The Legend of Korra episode 4 review: The Voice in the Night

Korra faces losing her power and identity in the latest episode of The Legend of Korra. Read Kaci's review here...


This review contains spoilers.

1.4 The Voice in the Night

One of the complaints I’ve seen levelled against this show is that the new Avatar is too brash and impulsive. I can certainly understand that – after Aang’s spirituality, Korra’s boldness is a lot to take in. Sometimes, it can be overwhelming. But what this episode did so well was use Korra’s fear of Amon to show us that she has a vulnerable side, too. This is a girl who doesn’t fear much, and yet the idea of Amon taking her bending away leaves her unable to sleep through the night.

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This ties into the larger issue of identity, which this series and its predecessor tend to do very well: when Korra has a nightmare about Amon taking her bending away, the last thing he asks her is who will she be if she can no longer bend?

I don’t know how many of you have a certain skill or hobby that is close to your heart, but I do. And sometimes, those skills or hobbies become so much a part of us that they shape our identity. If asked to describe myself, for example, I would tell you that I am: a person, a writer, a woman, an American. Notice that the second thing I would tell you, before even revealing my gender or nationality, is that I am a writer. Similarly, if Korra were asked this question, there are a lot of answers she could potentially give: a person, the Avatar, a bender, a woman, a member of the Water Tribe…the list goes on and on. But for her, a bender and by extension the Avatar would be two of the first things that spring to her mind. And if you took writing away from me – if you took bending away from Korra – who would we be?

The idea of losing who she is manifests as an all-consuming fear for Korra that comes to a head when she tries to confront Amon only to find herself tied up while her chi is blocked. To make matters worse, Amon taunts her by promising to take away her bending in the future, at the end of his revolution, but explains to her that if he took it now, she’d simply become a martyr for benders to rally behind. It shows how clever Amon is and how well he understands the human condition, but it also serves as a form of psychological torture for Korra: she now has to live, to fight, with that information, knowing that he’ll always be waiting right around the bend. And when the right moment arrives, he will strike and take away the heart of her identity.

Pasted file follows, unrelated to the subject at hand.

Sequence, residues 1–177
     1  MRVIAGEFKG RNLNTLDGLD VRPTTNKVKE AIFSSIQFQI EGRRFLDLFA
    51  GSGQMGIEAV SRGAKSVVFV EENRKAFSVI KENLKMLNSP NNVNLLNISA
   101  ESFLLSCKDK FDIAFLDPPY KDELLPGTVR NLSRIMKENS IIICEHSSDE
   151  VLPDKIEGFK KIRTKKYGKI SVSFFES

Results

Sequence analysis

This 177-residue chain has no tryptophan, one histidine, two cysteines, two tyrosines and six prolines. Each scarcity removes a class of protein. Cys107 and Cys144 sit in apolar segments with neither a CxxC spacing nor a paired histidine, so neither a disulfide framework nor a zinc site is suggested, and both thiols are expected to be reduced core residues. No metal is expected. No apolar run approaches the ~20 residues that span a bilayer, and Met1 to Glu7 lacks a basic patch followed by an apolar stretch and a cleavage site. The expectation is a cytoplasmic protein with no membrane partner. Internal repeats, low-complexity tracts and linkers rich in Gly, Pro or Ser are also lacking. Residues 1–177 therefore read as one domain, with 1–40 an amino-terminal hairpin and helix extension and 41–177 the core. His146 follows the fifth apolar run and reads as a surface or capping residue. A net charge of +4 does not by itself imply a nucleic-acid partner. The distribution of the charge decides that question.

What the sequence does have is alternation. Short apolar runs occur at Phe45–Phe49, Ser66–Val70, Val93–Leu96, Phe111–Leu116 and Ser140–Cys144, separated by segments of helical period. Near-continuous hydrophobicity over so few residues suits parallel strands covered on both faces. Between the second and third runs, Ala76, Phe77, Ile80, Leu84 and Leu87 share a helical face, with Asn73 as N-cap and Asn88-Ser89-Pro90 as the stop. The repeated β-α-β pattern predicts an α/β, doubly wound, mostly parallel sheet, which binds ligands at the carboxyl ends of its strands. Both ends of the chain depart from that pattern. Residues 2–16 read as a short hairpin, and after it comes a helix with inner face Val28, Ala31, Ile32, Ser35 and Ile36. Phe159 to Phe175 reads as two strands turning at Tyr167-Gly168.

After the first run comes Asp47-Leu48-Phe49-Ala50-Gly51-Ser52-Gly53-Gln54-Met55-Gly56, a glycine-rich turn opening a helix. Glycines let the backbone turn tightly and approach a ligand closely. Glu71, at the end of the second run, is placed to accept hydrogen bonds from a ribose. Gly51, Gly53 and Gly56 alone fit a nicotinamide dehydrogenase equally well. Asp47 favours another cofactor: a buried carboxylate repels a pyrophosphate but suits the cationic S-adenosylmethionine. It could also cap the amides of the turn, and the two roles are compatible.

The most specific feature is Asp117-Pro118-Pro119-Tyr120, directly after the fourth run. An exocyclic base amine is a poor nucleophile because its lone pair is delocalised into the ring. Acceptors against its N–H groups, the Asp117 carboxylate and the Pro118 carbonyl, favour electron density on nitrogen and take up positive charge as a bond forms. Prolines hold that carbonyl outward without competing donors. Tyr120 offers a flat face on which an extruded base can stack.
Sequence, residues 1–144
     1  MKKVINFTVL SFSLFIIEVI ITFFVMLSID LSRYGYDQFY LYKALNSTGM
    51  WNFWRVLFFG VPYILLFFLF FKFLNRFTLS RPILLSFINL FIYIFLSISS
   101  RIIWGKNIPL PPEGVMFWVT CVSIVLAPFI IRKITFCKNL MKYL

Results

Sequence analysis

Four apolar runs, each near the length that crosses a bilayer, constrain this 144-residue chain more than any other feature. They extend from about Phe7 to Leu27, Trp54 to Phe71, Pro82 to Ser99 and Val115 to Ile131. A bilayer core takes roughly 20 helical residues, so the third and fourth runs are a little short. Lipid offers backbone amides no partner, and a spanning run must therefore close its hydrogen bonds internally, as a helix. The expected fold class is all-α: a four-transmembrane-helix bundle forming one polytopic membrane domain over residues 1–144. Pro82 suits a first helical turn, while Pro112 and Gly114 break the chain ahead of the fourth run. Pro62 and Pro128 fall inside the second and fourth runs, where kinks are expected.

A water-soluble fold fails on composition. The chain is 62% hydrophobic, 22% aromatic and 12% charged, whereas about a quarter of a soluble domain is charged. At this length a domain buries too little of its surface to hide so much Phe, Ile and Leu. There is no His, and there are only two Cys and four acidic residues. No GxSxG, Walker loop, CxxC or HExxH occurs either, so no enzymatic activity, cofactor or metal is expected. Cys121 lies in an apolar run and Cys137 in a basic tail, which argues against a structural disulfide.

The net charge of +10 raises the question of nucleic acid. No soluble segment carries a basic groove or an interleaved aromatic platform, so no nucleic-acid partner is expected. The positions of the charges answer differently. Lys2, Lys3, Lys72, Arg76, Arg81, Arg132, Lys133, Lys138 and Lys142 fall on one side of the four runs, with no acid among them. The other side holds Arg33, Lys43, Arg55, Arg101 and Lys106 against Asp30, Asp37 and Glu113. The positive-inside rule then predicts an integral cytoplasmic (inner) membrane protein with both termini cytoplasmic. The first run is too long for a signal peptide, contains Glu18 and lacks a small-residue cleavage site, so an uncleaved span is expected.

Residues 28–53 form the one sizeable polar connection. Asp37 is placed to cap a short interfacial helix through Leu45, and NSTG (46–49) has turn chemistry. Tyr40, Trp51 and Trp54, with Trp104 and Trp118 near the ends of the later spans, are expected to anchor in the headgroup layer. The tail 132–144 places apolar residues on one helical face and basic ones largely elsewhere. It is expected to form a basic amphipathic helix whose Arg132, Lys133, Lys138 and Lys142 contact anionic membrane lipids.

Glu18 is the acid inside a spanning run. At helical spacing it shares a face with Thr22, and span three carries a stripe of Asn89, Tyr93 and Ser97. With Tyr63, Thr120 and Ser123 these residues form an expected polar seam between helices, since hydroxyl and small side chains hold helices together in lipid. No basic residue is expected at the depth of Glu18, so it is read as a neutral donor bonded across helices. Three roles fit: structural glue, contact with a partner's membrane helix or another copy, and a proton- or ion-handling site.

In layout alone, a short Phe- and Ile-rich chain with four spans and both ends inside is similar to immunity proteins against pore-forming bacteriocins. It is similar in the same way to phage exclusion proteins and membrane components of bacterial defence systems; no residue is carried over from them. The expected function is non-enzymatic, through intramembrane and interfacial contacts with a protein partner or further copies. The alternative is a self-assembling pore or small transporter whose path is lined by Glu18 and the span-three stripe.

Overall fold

Elsewhere in this episode, we were introduced to Asami Sato, the daughter of the man who invented the automobiles in this world. A beautiful, kind heiress with a passion for pro-bending, she’s instantly smitten with Mako and I am instantly smitten with both her and her father. It’s a tricky thing, to get a character like Mako who has been self-reliant for so long to accept a gift as huge as the one Mr. Sato offers him, and the show handled it very deftly. Mako probably wouldn’t have accepted charity, but by framing Mr. Sato’s gift with the fact that he came from nothing and recognized something of himself in Mako, it feels more like Mr. Sato paying forward the kindness shown to him years ago by passing it along to Mako. With the money issue taken care of, the Fire Ferrets are officially in the pro-bending playoff tournament and Mako’s got a new girlfriend.

Finally, I’ve been talking in past reviews about how well this show handles subtle ideas and is dealing with the idea of privilege, and I’d like to point out one more subtle statement they’ve made. We’re shown a meeting of the Republic City Council in this episode and find out that it is made up entirely of benders. This is an excellent point and a nice parallel to the real world in which oppressed groups are ruled by groups with privilege. The non-bending population has absolutely no representation in the government of Republic City, and that is an understandable thing to be angry about.

I love that about this show so far: though I’m obviously rooting for Korra and think that Amon’s methods are wrong, this show is showing me that the Equalists have a point. Their anger is justified. Can you blame them for being angry about not having any representation in their own government?

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Nothing is ever black and white on this show, and that is honestly beautiful to me. I can’t wait for the next episode.

Read our review of last week’s episode, The Revelation, here.Follow Den Of Geek on Twitter right here. And be our Facebook chum here.